Rules & Regulations
And Their Implementation
Here’s a double
irony to consider:
At the end of this, the
first week of December, Dr. Ulrich Bez, CEO of Aston Martin commented:
"We are keen to see new regulations for 2004 that will allow
true production-based sports cars to compete on a level playing
field. The new rules from the Automobile Club de l’Ouest (ACO)
clearly provide this; we hope other sporting organisations will
follow their route and encourage sports car racing to grow in importance
During the same
week, Zytek has announced that it is constructing two new Zytek
02S Evo lls (the formerly named DBA etc. chassis design, the 2002
675 car that has run so well in John Nielsen’s charge), for
two new customers. What good value they are too, at £320,000
During the same week,
the ACO has also released its 2004 Technical Regulations for prototypes
(see a news item dated yesterday, December 3), with this interesting
“Cars built before
01/01/2004 and completely complying with the ACO technical regulations
for LMP and LM GTP cars above, are admitted until 31/12/2005.
However, the ACO wish to ensure the competitiveness of the cars
built in compliance with the 2004 ACO technical regulations for
Prototype. Consequently, the ACO, in addition to the measures already
applied and after the first results of the new cars in racing conditions,
will enforce in 2005 for the car built before 01/01/2004 a part
or all the following modifications :
- Minimum weight : 950 kg (LMP900), 720 kg (LMP675) ;
- Addition of a skid block : thickness 10 mm ;
- Reduction of the restrictor area by 5% ;
If necessary, additional measures could be applied.“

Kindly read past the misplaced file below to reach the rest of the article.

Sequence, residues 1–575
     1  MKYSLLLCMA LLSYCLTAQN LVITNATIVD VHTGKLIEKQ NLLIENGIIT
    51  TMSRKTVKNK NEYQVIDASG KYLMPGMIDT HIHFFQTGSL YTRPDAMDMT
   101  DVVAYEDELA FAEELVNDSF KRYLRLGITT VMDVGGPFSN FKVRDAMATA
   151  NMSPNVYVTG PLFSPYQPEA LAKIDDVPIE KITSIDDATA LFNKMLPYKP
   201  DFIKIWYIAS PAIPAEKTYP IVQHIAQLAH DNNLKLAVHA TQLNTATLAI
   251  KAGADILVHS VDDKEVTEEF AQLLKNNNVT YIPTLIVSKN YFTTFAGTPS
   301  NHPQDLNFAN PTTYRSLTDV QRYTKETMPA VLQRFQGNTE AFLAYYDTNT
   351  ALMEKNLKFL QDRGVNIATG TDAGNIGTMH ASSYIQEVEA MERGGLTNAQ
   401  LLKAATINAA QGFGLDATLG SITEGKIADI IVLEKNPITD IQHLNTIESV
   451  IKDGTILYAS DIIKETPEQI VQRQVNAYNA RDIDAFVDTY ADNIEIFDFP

So, had we missed something
(while in Australia for two weeks)? Were the last four lines (above),
something that those really ‘in the know’ already knew
about? No, they definitely weren’t.
Based on enquiries during
the last 24 hours (since exploring the new Prototype Regulations),
it would appear that the fourth line, above, is the really unsettling
one. The 45 (675) and 50 (900) kilo penalties, the skid block and
smaller restrictors – OK, they are definite statements, something
current runners can possibly accept and ‘live with’.
But the last line – that seems to be the one that is creating
yet more uncertainty in the prototype market.
Let’s add another
irony: it was earlier today that we posted a likely list of 20 or
so prototypes that will make up the front of the LMES grids in 2004.
Despite all of the above, the organising club will probably be patting
itself on its collective back for the success of its ‘vision’.
But the reality is that
the uncertainty that still abounds is holding back any movement
in LMP1 and LMP2 construction. “Additional measures could
be applied” to slow down the current cars (even more) in relation
to ….. what? We still have no evidence that anyone has so
far laid down one piece of carbon fibre of an LMP1 or 2, and in
fact, as Zytek has shown, the current activity is still in relation
to sales of existing designs.
What are recent buyers
of 2001-2-3 cars supposed to think when the chassis they have just
bought now only have one year of racing ahead of them, before penalties
(specified and unspecified) start to apply? What about current entrants
who have been developing cars with such fervour, on the understanding
that they still had a two year life ahead of them?
Early December was anyway
very late for the release of the 2004 Regulations, rules governing
an area of sportscar racing that was already “reeling with
On a positive note, it
can be argued that 2004 will now see a degree of stability –
if only because it’s too late for new cars to be produced
(certainly until mid-season, at the earliest). Perhaps that last
line (above) will see potential buyers gathering together to persuade
prototype manufacturers to build new chassis for 2005?
But the real irony is
that all the prototype customer interest that the LMES has created
will simply lead to large European grids of 2003 (and older) cars,
and no new ones.